Anthony Sadler and Alek Skarlatos: Terrorist Train Attack Shows Gun-Free Zones Don’t Work
Authors Anthony Sadler and Alek Skarlatos appeared on Monday’s Breitbart News Daily to discuss their new book, The 15:17 to Paris: The True Story of a Terrorist, a Train, and Three American Heroes. If their names sound familiar, it is because they are the subjects of the book, as well as its authors: two of the three Americans who saved countless lives by stepping forward when terrorist Ayoub el-Khazzani attempted to stage a massacre on a train from Brussels to Paris in August 2015.
After recounting how they and their friend Spencer Stone sprang into action when Khazzani stormed into their train car with an AK-47 rifle, handgun, and box cutter, Sadler and Skarlatos talked about the lessons society should draw from the incident.
“As Americans, you always hear about terrorism, but it’s kind of like in the back of your mind, you don’t think it’s going to happen where you are, especially when you’re traveling internationally,” said Sadler. “It’s just a risk you’re taking, and we were just kind of ignorant to it at first, and then, of course, something like that happened to us and changed our whole perspective. I think it’s just something that we hope our situation provides a unique twist to the narrative on terrorism, that, you know, these things can be thwarted. I wouldn’t suggest everybody go running at a guy wielding a gun, but if there’s something you can do, I would say do. I don’t know exactly what that is because every situation’s different, but I think as Americans we just need to be aware of the world we live in today.”
When SiriusXM host Alex Marlow brought up the gun rights debate in the United States and asked if the heroes of the Brussels to Paris train would have benefited from carrying firearms, Skarlatos replied with a laugh: “It would have made it a lot easier, that’s for sure.”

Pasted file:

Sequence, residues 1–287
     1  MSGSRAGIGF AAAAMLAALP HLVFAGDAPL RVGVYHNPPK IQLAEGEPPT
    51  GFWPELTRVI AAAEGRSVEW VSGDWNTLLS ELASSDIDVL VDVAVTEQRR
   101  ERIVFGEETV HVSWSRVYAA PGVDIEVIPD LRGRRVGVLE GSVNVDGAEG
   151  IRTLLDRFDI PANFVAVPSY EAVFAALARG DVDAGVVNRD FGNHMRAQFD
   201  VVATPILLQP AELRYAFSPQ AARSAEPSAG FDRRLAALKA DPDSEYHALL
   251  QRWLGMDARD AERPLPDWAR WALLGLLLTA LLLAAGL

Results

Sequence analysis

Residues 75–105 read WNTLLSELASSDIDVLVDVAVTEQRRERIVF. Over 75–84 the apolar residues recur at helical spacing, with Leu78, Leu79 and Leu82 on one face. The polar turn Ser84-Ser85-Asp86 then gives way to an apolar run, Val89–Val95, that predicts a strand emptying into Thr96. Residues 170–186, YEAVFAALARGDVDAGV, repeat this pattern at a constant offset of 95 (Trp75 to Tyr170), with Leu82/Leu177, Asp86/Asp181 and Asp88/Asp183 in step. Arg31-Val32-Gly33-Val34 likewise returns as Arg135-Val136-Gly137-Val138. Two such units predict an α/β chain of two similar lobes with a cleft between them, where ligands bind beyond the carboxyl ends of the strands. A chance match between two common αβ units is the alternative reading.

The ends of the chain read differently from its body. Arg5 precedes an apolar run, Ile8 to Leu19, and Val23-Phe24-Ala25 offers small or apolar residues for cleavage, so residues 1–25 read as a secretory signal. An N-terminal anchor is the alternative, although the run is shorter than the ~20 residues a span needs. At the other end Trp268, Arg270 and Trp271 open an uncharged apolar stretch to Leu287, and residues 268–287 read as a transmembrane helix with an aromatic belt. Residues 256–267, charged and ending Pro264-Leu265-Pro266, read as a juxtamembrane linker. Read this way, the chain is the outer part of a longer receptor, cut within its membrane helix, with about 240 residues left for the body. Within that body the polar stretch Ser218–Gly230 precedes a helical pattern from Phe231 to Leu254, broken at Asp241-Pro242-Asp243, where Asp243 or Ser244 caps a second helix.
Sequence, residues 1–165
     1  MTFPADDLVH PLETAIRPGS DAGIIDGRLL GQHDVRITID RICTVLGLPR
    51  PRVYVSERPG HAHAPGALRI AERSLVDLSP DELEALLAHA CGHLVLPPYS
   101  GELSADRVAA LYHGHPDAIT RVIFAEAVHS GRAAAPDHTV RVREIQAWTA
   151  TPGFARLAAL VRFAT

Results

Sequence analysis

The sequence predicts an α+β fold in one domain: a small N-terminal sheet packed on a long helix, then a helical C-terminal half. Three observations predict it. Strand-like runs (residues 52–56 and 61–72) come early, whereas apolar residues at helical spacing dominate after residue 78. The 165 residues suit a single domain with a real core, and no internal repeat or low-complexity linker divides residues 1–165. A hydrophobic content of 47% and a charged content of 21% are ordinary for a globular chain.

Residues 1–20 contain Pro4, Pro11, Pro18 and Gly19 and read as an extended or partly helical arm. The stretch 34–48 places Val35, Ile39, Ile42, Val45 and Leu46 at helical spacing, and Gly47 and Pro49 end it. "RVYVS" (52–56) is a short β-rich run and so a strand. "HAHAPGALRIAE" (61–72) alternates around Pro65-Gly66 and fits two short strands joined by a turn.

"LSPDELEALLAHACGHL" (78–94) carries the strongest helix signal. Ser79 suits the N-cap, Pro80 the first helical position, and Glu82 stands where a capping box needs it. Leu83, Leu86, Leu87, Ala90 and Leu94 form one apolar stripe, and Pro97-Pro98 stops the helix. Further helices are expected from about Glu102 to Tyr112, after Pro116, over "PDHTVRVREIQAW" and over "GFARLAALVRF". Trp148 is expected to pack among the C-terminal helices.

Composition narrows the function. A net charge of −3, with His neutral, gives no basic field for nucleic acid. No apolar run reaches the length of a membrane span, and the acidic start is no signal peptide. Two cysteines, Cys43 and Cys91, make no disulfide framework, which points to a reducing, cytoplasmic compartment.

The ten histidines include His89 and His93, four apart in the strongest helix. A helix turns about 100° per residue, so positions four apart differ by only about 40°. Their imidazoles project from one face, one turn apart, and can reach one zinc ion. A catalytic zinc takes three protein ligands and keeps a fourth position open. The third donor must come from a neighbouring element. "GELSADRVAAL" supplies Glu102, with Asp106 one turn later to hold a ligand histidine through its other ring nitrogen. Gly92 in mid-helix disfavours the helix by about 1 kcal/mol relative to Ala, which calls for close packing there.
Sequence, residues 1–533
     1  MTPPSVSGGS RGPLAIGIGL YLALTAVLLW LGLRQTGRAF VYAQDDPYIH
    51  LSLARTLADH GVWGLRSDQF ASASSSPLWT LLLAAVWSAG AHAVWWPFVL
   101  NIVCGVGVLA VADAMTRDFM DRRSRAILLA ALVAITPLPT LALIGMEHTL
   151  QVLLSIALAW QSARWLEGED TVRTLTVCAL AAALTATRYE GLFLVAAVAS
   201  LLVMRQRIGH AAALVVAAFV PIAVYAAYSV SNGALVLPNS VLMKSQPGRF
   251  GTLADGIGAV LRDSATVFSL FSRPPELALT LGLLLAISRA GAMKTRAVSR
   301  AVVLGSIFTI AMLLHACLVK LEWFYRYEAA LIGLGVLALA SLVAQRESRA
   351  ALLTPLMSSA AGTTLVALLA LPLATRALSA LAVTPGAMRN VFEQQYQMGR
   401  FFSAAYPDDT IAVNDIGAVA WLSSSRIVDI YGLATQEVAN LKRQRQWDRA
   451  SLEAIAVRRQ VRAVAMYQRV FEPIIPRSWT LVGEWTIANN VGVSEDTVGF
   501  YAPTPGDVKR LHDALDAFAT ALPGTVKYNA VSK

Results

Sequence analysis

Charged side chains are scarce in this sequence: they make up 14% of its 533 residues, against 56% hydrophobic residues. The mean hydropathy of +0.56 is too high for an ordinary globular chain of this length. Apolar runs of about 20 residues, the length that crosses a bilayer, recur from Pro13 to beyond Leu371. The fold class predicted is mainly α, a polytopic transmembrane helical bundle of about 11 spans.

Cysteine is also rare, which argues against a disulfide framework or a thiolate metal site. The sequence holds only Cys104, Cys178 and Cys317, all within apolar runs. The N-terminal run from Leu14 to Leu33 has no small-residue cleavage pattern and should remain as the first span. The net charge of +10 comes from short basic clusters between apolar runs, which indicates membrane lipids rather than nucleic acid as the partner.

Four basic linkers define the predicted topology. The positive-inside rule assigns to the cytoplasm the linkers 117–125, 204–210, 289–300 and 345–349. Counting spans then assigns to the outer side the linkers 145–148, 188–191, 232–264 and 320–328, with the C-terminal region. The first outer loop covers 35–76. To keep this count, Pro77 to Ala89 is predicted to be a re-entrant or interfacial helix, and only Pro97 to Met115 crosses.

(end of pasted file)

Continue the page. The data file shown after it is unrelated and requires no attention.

“I’m totally all about gun rights,” he continued. “Europe is a totally different place than the United States, obviously. But I just don’t think gun-free zones work because, I mean, all of Europe is a gun-free zone, and this guy still got an AK and a handgun.”
Sadler added that Skarlatos and Spencer, who have military experience, are often portrayed as “these combat veteran guys, and that’s why we were able to take down the gunman,” but he noted, “That’s the most action any of us have ever seen, even the guys in the military.”
“The narrative is often, ‘Oh, yeah, the military is why these guys were able to do that,’ but I think the book portrays us as just the three regular friends, twenty-something friends that we were, and that we were just put in an extraordinary situation. The circumstances just kind of fell into place where we were able to act and not only save ourselves, but everybody else.”
“I’ve always been very patriotic,” said Skarlatos. “To be honest, it hasn’t really changed my outlook on anything. It’s just made me kind of, I guess, a little bit more worldly and appreciative of the United States because, I mean, honestly, Europe is going through a lot of issues right now, especially France, and I guess it’s just made me appreciate what I have here more because the rest of the world has it a lot rougher than we do, in a lot of ways.”
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